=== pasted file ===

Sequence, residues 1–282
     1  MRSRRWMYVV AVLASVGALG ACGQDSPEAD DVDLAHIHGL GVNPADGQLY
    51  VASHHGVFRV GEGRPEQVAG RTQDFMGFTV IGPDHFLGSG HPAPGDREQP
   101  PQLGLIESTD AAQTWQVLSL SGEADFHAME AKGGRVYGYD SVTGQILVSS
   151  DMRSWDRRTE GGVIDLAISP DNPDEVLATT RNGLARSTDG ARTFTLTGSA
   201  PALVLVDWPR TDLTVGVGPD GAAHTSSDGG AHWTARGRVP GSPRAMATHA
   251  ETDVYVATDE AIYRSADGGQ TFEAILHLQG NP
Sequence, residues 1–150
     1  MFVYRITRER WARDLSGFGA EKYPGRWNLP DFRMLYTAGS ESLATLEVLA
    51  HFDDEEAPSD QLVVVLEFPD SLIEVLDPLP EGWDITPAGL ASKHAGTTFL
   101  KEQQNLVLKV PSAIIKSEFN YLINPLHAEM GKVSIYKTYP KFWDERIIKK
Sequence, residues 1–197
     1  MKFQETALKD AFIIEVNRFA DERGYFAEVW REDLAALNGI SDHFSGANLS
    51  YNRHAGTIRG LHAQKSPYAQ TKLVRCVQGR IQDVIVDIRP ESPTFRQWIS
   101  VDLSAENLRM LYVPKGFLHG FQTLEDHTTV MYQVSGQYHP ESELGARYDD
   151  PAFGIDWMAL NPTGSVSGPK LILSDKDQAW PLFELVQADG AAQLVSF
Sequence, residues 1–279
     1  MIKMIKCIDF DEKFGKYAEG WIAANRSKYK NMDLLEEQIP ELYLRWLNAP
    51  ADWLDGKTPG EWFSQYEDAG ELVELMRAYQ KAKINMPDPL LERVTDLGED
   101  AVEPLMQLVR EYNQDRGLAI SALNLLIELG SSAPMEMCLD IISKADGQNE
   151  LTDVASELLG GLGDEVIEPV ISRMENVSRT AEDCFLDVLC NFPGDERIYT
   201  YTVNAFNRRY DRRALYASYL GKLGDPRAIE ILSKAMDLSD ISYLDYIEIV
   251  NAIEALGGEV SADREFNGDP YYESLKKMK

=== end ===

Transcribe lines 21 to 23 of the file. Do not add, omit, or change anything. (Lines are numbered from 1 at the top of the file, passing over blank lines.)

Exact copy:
   151  LTDVASELLG GLGDEVIEPV ISRMENVSRT AEDCFLDVLC NFPGDERIYT
   201  YTVNAFNRRY DRRALYASYL GKLGDPRAIE ILSKAMDLSD ISYLDYIEIV
   251  NAIEALGGEV SADREFNGDP YYESLKKMK